How To Choose The Right Materials For Professional Results
Profound differences in surface characteristics can be affected simply by varying the binder of the compound. The same compound made with less binder will make a drier-working compound with less cut and probably leave a higher luster. Increasing the binder ratio will result in a greasier grade that in most instances will cut sharper, provide more lubrication, and possibly reduce the frequency of application. Too much grease, of course, may serve up its own problems and be more difficult to clean, leaving the work somewhat smeary and harder for the operator to determine if the surface has been properly buffed.
“How To” – Choose The Right Buffing Wheel
Review the type of buffing wheels being used and determine if they are correct for the job involved. Too hard a buff can result in a poor buffed surface, either having missed surface entirely because of the hard density or perhaps having cut too aggressively, consequently leaving a work surface with a streaked or cloudy appearance. Too hard a buff may also cut through high spots on plated work or create a wavy surface especially on the softer metals. Conversely, too soft a buff may not permit the cutting particles in the buffing compound to actually come in direct contact with the work surface. In effect, too soft a buff will mush too deeply, turning the ply over at the face so that a skidding or sliding action is actually taking place.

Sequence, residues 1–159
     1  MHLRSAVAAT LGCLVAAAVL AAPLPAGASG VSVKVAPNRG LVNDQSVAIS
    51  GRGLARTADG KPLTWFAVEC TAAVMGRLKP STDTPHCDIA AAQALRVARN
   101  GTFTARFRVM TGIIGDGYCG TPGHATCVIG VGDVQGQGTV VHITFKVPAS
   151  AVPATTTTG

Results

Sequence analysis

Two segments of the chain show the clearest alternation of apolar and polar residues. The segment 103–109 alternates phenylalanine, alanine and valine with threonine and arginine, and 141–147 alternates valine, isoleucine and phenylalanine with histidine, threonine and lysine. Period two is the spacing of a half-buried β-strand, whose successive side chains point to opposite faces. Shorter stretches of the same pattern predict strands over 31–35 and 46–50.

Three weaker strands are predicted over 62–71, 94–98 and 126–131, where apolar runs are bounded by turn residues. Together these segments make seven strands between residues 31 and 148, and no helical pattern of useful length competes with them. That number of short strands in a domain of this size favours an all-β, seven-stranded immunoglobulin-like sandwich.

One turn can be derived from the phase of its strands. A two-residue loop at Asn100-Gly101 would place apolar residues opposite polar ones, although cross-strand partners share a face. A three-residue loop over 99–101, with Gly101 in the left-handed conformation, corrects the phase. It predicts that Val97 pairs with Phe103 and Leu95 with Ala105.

“How To” – Choose The Right Wheel Speed
Is the peripheral speed fairly correct for the job in involved? Simple experiments can be run by altering the diameter of the buff or changing the spindle speed. It can be said as a general statement, “most buffing wheels are run too fast.” Centrifugal forces created by high speeds harden up the buff, sometimes excessively, making it difficult to retain a good cutting head of buffing compound. Too high a peripheral speed creates other problems such as excessive heat on the periphery of the buff face, as well as within the internal construction of the buff, itself. These two factors may lead to buffing wheels breaking out into fires, or at the very least, down-grade the tensile strength of the cotton as to permit excessive buff usage.